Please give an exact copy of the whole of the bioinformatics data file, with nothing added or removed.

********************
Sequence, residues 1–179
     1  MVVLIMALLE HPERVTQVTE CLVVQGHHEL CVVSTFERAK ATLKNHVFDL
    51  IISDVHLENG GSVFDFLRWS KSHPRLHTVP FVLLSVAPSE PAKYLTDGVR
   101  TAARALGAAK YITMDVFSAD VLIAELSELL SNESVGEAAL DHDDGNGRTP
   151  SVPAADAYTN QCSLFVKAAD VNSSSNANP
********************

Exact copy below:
Sequence, residues 1–179
     1  MVVLIMALLE HPERVTQVTE CLVVQGHHEL CVVSTFERAK ATLKNHVFDL
    51  IISDVHLENG GSVFDFLRWS KSHPRLHTVP FVLLSVAPSE PAKYLTDGVR
   101  TAARALGAAK YITMDVFSAD VLIAELSELL SNESVGEAAL DHDDGNGRTP
   151  SVPAADAYTN QCSLFVKAAD VNSSSNANP